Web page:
Arrival in Venice
According to tradition, the remains of Saint Lucy were taken from Constantinople in 1204 by the Venetian doge Enrico Dandolo, along with those of Sant’Agata during the Fourth Crusade. According to another testimony – the Cronaca Veniera, in the Marciana Library of Venice – the body was brought to the lagoon in 1026. But this was probably due to an error of the amanuensis, who transcribed the year incorrectly.
In the city there was already a church dedicated to the Saint, built in the second half of the twelfth century. It is plausible that the decision to move the body of Saint Lucy to the lagoon was simply for the need to enrich a Venetian church, as had happened many times before. Lucy’s remains were first laid to rest in the church of San Giorgio Maggiore. After a tragic accident on Saint Lucy’s day in 1279, where pilgrims were drowned partly because of the numbers visiting Lucy, the Senate decided that the relics should be transferred to a city church, to allow better access. So, on 18 January 1280, led by a solemn procession, the body was brought to the church of Santa Maria Annunziata (or the «Nunciata») in the sestiere of Cannaregio.
The first church
A new church, dedicated to Santa Lucia, was built in Venice and consecrated in 1313. In 1441 the sacred building passed on to the jurisdiction of the nearby convent of Corpus Domini and in 1574 to the Augustinian Servants of Mary.
Over the years the building underwent various interventions and renovations. In 1580 Palladio made some drawings for interiors of the church. An inscription on the major portal has him as the author, although the building was only completed thirty years after his death. The chapel of Lucy is generally believed to have been based on his designs.
After the Napoleonic decree of 1805, which called for the suppression of all convents and monasteries in Venice, the convent at Santa Lucia was closed. The original Santa Lucia church and convent were demolished between 1861-63 to make way for the new railway station. It was decided that Lucy’s relics should rest in the nearby church of San Geremia, where they still lie today.
In memory of the old Santa Lucia church, the railway station took the name of Venice Santa Lucia.
The current church
The church standing today was the last church built during the Venetian Republic. According to tradition, the first church of San Geremia was founded in 1013. This was then rebuilt, by the doge Sebastiano Ziani, in 1174. In 1206 it housed the remains of Saint Magno, bishop of Oderzo and Eraclea, who died in the seventh century. The church was consecrated in 1292. The old basilica building, with three naves, stood parallel to the Grand Canal. The presbytery was rebuilt in the sixteenth century. The campanile (bell tower) with its tower of plain brick with two narrow double Romantic windows at the base is one of the oldest in the city – thought to date from the 12th century. The belfry was added later.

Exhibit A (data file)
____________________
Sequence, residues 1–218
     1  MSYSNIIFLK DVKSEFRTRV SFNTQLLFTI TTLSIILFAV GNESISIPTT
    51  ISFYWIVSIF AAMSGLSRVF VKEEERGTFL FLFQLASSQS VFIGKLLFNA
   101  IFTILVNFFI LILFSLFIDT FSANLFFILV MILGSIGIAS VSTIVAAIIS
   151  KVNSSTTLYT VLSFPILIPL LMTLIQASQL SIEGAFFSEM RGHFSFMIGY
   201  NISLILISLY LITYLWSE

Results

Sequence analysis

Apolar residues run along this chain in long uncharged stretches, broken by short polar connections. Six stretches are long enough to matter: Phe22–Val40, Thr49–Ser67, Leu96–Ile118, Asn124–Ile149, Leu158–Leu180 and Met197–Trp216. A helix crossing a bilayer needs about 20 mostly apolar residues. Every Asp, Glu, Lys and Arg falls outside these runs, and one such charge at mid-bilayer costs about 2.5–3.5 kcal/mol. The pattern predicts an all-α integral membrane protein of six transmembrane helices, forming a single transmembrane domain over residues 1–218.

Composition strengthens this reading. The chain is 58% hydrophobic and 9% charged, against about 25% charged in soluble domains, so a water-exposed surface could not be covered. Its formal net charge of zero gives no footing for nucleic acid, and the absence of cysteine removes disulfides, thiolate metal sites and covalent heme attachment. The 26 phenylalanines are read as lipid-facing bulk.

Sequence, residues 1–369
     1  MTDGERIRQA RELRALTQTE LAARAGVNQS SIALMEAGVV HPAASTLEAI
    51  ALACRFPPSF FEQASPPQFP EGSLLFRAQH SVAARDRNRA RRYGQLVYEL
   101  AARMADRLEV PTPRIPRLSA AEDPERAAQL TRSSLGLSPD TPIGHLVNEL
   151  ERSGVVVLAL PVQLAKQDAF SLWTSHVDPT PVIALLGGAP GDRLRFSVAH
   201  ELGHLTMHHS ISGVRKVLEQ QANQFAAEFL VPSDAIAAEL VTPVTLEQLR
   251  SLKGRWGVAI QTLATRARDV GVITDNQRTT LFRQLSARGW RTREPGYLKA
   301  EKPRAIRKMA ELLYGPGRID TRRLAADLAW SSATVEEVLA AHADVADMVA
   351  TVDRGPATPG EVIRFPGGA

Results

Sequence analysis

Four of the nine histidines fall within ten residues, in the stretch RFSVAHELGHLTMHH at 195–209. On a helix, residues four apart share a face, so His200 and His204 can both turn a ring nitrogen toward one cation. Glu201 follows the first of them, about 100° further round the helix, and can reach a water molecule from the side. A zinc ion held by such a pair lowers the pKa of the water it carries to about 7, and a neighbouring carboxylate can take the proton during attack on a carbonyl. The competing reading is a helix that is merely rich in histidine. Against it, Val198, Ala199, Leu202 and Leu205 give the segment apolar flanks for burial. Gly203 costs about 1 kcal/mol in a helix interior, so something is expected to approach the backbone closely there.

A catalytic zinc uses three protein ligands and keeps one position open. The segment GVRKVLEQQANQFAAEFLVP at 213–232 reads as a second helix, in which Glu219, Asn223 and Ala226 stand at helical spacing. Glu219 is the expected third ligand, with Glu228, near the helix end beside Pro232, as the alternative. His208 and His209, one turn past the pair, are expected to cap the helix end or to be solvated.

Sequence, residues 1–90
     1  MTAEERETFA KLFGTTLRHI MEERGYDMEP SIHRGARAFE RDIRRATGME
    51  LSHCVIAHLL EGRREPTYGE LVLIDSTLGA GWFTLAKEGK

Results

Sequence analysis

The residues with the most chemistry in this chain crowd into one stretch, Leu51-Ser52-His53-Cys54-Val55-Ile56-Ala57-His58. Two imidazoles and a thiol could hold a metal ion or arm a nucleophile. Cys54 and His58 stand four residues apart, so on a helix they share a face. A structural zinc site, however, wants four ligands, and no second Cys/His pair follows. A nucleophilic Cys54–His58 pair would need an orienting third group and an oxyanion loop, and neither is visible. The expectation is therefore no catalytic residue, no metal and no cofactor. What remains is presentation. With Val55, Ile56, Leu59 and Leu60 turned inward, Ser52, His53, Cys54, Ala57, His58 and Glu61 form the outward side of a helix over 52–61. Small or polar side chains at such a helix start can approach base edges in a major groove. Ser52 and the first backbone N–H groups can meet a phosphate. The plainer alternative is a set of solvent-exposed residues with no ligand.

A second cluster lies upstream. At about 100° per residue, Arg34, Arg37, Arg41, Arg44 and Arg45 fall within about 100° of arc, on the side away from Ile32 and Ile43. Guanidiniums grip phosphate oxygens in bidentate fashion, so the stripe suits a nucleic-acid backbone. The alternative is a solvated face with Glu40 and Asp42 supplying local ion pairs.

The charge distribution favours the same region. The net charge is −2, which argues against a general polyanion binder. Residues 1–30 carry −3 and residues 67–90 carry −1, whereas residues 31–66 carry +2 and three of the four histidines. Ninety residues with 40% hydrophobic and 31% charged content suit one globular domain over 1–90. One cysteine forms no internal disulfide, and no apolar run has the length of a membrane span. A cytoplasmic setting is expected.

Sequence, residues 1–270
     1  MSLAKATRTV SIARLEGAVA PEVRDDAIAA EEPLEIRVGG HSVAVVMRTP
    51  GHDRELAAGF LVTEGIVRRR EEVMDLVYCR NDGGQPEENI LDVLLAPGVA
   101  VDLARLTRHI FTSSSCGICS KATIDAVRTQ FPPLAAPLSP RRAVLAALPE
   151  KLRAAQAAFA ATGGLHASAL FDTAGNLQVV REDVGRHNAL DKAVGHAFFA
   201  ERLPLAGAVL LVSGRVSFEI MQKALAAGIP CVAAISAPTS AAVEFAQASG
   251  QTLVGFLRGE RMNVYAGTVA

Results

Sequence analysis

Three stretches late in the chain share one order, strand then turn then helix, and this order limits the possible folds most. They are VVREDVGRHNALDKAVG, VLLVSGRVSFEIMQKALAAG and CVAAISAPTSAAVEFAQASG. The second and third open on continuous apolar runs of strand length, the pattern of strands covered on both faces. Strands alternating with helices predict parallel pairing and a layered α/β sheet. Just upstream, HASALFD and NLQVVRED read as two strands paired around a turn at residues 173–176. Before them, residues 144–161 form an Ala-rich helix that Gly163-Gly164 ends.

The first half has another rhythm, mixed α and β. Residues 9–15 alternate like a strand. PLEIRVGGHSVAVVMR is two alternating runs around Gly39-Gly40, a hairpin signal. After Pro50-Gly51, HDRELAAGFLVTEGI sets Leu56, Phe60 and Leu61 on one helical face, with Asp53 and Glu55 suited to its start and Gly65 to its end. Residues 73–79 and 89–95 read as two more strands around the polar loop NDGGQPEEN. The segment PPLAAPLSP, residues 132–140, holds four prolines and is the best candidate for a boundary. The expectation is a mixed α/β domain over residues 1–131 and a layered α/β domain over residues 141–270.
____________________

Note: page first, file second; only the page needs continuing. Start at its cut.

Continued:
The church was built by Carlo Corbellini between 1753-60, who took his inspiration for it from the Salute church. Corbellini rotated the longitudinal axis of the building so that the main facade faced onto Campo San Geremia, with an entrance preceded by a high staircase. In 1870 the façade facing the Canale di Cannaregio was built.
The church is a large building, built on the Greek cross model, with four wings and facades facing onto the Canale di Cannaregio, the Grand Canal and Campo San Geremia (the main entrance). The architect Corbellini considered the Cannaregio canal facade to be the most important. The luminosity of the church is created by twenty large windows placed high above.
The church has a number of high Corinthian columns which give a sense of space and large windows which provide its luminosity. The interior is covered by a large oval-shaped dome, ended by a semicircular apse and is surrounded by four hemispherical domes. Bundles of Corinthian columns hold up the dome at the crossroads of the transept, supporting the arches of the minor chapels; in the intercolumns there are interesting eighteenth-century altars.
The church features four paintings by Palma il Giovane (including the painting of Santa Lucia), and paintings by Tintoretto, Marchiorri and Schiavoni amongst others.
The chapel of Saint Lucia
On 11 July 1860 Lucy’s relics were brought from the old demolished Santa Lucia church to the nearby church of San Geremia, where they remain today. With the relocation of her relics it was decided that the church (dedicated to Saint Jerome since the 11th century) should now be called ‘Santi Geremia e Lucia’ (Saint Jerome and Saint Lucy). A new resting place for Saint Lucy was created on the wing of the transept of San Geremia (which faced towards the Grand Canal). The new chapel for her was built using marble from the demolished church and followed the original design by Palladio. The altar, in brocatello marble from Verona, was made with friezes of gilded bronze designed by the architect Gaetano Rossi.
The seventeenth-century urn and altar were replaced in 1930 with the current one by the Venetian architect Gaetano Rossi, which allowed the body of Saint Lucy to be visible on both sides. In 1955, the future Pope John XXIII – at the time patriarch cardinal Angelo Roncalli – visited the relics of Santa Lucia. After his visit he commissioned the sculptor Minotto to make the silver mask that now covers the saint’s face.
The prospect of the church on the Grand Canal corresponds to the chapel of Santa Lucia and on the exterior of the church stands the inscription (which can only be viewed canal-side): “LUCIA, VERGINE DI SIRACUSA MARTIRE DI CRISTO IN QUESTO TEMPIO RIPOSA ALL’ITALIA AL MONDO IMPLORI LUCE E PACE” (“Lucia, Virgin of Siracusa in this temple rests. To inspire light and peace in Italy and the world”).